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Lawyers group objects to flag display

Orange County Bar Assn. wants Mississippi flag, with its Confederate symbol, removed from Santa Ana Civic Center.

January 01, 2014|By Jill Cowan

A group of Orange County attorneys is calling for the removal of Mississippi’s state flag from a display at Santa Ana’s Civic Center, saying its Confederate design symbolizes racism and hatred.

The Mississippi flag is the last to feature the Confederate battle cross — a symbol “inextricably linked to a legacy of racism, exclusion, oppression and violence,” the Newport Beach-based Orange County Bar Assn. said in a statement.

The association recently passed a resolution seeking the flag’s removal from Santa Ana’s Plaza of the Flags, where the banners of all 50 states ripple in a civic center that also includes the county’s central courthouse.

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“I am proud of the board of directors for passing this important resolution on the 150th anniversary of the Gettysburg Address,” Orange County Bar Assn. President Wayne Gross said in a statement. The emblem, he added, “has no place in or around courthouses.”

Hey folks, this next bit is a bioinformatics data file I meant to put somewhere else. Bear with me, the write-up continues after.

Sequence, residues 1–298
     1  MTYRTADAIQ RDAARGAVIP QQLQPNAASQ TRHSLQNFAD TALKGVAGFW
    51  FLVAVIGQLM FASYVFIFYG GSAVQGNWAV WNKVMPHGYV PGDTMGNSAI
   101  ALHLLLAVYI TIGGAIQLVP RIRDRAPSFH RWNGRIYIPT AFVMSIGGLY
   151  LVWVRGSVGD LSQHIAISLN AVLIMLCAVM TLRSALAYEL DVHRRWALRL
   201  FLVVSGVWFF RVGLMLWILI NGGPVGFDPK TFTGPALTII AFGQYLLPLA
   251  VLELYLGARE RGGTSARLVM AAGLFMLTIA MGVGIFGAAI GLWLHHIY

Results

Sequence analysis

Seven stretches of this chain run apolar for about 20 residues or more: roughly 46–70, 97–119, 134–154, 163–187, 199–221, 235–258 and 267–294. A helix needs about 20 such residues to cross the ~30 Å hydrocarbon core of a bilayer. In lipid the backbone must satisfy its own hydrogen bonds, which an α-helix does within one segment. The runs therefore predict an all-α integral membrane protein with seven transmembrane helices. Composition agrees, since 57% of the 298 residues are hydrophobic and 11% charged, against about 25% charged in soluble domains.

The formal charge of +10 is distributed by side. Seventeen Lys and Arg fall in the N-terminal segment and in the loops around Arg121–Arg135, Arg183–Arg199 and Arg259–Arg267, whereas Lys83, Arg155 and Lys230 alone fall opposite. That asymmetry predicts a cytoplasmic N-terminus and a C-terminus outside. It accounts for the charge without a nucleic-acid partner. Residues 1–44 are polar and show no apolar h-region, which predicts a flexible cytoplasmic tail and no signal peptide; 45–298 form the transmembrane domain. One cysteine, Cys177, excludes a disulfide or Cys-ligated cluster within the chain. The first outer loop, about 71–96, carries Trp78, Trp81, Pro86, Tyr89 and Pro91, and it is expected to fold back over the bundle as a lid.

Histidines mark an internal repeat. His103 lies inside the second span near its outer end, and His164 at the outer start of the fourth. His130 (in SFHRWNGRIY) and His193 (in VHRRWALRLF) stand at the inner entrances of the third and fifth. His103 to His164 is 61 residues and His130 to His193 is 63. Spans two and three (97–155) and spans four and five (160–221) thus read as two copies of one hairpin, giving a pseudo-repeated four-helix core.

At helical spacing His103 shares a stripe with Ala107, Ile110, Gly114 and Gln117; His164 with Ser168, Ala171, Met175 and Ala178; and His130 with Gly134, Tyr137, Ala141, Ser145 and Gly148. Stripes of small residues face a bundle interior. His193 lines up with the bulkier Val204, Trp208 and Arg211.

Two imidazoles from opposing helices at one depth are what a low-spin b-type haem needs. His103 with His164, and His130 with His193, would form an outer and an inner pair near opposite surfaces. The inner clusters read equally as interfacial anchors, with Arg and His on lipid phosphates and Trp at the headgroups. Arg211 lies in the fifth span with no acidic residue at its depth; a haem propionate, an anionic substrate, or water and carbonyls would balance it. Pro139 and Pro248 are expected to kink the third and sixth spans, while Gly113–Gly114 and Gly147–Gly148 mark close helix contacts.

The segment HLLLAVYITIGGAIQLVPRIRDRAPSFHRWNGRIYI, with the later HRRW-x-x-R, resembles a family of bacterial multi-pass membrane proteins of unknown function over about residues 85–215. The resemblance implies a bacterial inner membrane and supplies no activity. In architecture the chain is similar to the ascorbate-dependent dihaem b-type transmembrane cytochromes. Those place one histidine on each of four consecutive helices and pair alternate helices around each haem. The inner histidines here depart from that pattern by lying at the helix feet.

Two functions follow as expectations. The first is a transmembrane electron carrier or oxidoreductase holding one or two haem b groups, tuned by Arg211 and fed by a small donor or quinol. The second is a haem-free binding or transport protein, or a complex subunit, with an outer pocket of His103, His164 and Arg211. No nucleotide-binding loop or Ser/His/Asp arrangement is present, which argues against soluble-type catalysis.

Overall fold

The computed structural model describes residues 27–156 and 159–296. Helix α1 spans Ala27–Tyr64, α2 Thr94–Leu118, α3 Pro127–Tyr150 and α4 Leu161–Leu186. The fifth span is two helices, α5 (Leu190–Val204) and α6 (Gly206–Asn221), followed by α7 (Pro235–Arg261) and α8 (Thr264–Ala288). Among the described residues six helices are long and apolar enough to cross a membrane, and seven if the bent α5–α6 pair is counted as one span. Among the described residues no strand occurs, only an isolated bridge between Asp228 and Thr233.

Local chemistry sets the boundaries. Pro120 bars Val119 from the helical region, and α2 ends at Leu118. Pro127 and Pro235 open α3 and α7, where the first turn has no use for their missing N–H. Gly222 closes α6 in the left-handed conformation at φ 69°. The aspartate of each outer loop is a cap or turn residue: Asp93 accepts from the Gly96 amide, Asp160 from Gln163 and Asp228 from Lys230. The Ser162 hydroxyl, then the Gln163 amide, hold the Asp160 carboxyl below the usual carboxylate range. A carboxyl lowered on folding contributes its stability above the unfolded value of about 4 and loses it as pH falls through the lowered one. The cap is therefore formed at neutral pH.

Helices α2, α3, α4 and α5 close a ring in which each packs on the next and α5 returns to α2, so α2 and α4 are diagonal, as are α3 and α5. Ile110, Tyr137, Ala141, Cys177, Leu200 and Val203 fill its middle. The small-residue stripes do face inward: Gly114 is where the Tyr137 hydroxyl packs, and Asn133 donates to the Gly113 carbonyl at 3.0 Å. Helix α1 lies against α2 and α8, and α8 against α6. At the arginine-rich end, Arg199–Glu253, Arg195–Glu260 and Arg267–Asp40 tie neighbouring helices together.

Gross, whose office is in Costa Mesa, said the flag first came to his attention in October, when his law partner called him after a trial.

“I picked up the phone expecting a case update,” Gross said. “He said, ‘You’re not going to believe this, but the Mississippi flag is flying out here.’”

This isn’t the first time the Confederate symbol’s place above the plaza has caused a flap.

In 1997, a Laguna Hills attorney campaigned unsuccessfully to have the flags of Mississippi and Georgia taken down.

Georgia has since changed its flag design, stripping it of the Confederate cross about a decade ago.

However, a similar effort by Mississippi lawmakers and advocates in 2001 failed by a substantial margin, with two-thirds of the state’s residents backing the old design in a sharply divisive vote.

Brett Kelley, curator of collections at the National Civil War Museum in Harrisburg, Pa., said the sight of any reminder of the Confederacy is likely to stir emotions — even in California, where the Civil War is a less prominent cultural touchstone.

“Pretty much wherever the Confederate battle flag is displayed, there’s people who are going to be sensitive to that,” he said.

Still, he cautioned against broadly equating the flag with hatred.

“Our history is our history,” he said. “We own it, good or bad.”

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